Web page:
Washington (AFP) – Defense Secretary Jim Mattis said Thursday the Pentagon has started tackling the problems that led to a deadly attack in Niger that killed four US soldiers.
Investigators have completed a comprehensive probe into the October 4 incident, and officials are expected to announce its findings in the coming days.
Speaking to the Senate Armed Services Committee, Mattis said several factors contributed to the disaster.
“We have found what we believe to be the crux of the problems — not problem — but problems that contributed to this,” Mattis told lawmakers, saying the final report was 6,300 pages long.
“We know immediately how to address (those problems) and we are doing that right now,” he added.
President Donald Trump last year gave military commanders around the world greater leeway to strike without first seeking approval from Washington, but Mattis said this “delegation of authority” was not an issue in this case.
The Wall Street Journal reported Wednesday that poor training, complacency and a culture of excessive risk were in part to blame for the deaths of the four soldiers.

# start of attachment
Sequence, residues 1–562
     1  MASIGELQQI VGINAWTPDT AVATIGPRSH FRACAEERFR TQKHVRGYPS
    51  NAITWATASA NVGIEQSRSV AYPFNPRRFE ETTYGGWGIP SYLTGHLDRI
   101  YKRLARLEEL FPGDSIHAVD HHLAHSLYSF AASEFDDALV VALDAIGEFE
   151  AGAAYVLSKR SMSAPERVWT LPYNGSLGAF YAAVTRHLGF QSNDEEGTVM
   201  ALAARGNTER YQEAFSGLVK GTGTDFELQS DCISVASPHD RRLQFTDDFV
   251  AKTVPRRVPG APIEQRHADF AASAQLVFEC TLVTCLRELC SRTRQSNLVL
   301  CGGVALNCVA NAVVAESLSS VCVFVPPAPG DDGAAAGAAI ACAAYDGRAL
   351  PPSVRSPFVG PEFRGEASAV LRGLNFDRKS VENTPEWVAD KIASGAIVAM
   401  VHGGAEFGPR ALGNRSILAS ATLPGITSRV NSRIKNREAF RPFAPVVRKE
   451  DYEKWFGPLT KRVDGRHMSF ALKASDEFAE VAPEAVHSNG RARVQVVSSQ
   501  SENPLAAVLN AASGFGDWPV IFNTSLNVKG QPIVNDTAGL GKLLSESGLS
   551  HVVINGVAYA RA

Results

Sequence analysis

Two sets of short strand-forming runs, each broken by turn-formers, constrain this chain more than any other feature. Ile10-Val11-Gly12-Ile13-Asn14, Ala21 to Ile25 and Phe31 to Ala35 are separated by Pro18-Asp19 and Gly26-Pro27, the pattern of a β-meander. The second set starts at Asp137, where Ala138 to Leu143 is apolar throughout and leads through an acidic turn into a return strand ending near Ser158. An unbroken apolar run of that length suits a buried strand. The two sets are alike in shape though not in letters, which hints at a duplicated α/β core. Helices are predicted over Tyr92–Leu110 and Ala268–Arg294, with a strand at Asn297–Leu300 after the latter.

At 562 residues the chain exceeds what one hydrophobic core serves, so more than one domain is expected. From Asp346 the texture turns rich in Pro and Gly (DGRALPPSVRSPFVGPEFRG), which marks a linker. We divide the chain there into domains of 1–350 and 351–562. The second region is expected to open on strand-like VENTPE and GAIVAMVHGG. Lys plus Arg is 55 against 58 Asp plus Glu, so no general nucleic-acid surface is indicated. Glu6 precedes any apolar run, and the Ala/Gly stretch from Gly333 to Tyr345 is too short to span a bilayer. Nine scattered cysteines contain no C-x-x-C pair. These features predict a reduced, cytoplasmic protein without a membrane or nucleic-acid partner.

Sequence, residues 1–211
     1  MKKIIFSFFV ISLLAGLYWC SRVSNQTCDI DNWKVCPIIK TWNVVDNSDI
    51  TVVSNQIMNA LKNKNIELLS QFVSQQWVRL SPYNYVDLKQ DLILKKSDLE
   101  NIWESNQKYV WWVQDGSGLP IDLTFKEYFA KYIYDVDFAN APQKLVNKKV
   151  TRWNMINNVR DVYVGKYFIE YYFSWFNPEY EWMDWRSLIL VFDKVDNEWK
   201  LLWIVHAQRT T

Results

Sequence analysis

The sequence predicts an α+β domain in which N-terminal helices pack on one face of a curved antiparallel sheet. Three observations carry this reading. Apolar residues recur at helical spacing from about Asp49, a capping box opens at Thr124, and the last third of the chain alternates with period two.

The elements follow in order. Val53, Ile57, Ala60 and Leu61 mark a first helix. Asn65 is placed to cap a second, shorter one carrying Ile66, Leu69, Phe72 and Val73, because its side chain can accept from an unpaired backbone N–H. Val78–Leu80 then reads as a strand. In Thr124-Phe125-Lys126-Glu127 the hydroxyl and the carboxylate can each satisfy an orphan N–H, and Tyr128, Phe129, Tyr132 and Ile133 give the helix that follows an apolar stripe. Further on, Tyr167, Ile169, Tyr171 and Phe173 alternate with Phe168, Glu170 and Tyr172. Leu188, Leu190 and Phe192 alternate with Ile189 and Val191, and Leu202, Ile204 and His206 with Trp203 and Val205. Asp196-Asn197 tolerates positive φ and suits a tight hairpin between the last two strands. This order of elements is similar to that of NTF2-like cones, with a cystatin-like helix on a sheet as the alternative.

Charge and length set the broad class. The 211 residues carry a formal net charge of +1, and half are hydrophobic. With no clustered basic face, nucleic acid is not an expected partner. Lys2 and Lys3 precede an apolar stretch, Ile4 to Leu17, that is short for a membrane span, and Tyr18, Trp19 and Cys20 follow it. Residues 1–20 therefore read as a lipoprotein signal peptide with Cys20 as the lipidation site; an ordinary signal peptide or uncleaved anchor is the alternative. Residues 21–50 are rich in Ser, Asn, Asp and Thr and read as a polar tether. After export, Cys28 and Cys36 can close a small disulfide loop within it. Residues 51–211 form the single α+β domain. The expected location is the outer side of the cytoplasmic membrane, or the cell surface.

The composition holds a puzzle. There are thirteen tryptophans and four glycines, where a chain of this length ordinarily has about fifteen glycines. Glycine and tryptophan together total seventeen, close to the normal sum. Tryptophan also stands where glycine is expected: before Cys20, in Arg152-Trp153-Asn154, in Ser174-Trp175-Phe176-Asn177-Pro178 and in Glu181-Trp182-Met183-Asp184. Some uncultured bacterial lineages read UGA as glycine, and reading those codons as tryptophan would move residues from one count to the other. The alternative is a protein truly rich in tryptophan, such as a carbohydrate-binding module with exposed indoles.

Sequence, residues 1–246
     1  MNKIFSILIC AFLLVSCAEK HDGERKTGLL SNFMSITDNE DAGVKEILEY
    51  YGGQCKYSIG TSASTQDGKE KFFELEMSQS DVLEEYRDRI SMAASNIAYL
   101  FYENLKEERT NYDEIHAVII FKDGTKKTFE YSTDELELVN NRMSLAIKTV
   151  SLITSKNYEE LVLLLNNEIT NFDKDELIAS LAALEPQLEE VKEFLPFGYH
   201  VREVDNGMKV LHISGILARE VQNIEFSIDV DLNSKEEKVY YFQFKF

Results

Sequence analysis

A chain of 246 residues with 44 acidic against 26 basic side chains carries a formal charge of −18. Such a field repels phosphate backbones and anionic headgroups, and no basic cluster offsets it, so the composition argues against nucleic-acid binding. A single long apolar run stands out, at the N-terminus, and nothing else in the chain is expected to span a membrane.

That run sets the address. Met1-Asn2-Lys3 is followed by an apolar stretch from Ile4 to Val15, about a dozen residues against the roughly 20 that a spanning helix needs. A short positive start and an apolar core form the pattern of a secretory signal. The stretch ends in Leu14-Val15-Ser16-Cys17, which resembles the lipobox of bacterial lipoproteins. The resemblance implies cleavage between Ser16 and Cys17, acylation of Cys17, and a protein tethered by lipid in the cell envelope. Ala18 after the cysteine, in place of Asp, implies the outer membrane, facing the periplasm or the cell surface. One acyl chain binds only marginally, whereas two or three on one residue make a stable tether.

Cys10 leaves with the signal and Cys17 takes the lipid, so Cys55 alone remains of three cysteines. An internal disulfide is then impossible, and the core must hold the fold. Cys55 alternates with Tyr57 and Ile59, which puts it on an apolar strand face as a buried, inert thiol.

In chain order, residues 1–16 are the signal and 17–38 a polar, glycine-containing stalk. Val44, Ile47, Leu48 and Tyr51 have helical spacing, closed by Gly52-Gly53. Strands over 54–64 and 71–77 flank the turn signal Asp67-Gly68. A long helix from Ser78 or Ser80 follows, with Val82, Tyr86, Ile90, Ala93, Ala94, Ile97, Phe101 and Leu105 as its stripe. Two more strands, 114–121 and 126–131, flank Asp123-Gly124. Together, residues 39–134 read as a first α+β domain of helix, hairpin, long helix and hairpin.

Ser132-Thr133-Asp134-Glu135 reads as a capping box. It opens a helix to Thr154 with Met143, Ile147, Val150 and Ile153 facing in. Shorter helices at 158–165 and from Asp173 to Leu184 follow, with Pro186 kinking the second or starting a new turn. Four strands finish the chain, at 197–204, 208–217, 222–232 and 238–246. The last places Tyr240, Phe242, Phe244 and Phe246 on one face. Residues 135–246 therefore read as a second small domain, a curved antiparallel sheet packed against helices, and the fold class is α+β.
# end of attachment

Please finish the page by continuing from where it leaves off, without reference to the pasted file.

Citing officials familiar with the report, the Journal said low-level commanders had taken liberties when describing the mission so as to get it approved by higher ups.
The October attack occurred as a unit of American special forces soldiers together with 30 Nigerien troops returned from the village of Tongo Tongo, near the border with Mali.
A day earlier, they had met local officials on what was considered a low-risk mission.
But on October 4, they were ordered to look for Adnan Abu Walid Sahrawi, the leader of a group calling itself the Islamic State in the Greater Sahara, according to multiple US reports.
The troops were clearly unprepared for the scale of the ambush, which saw them attacked by a group of some 50 jihadist fighters equipped with small arms, grenades and trucks mounted with guns.
Video of the attack, captured by a fallen US soldier’s helmet camera, shows them wearing only limited body armor, desperately seeking cover behind an unarmored SUV while coming under heavy fire.
The United States currently has approximately 6,000 troops stationed across Africa, and Mattis said he did not anticipate that number growing much.
“There could be temporary increases as we work with a counterterrorism force in one of the countries that need to be brought up to a higher level of capability,” he said.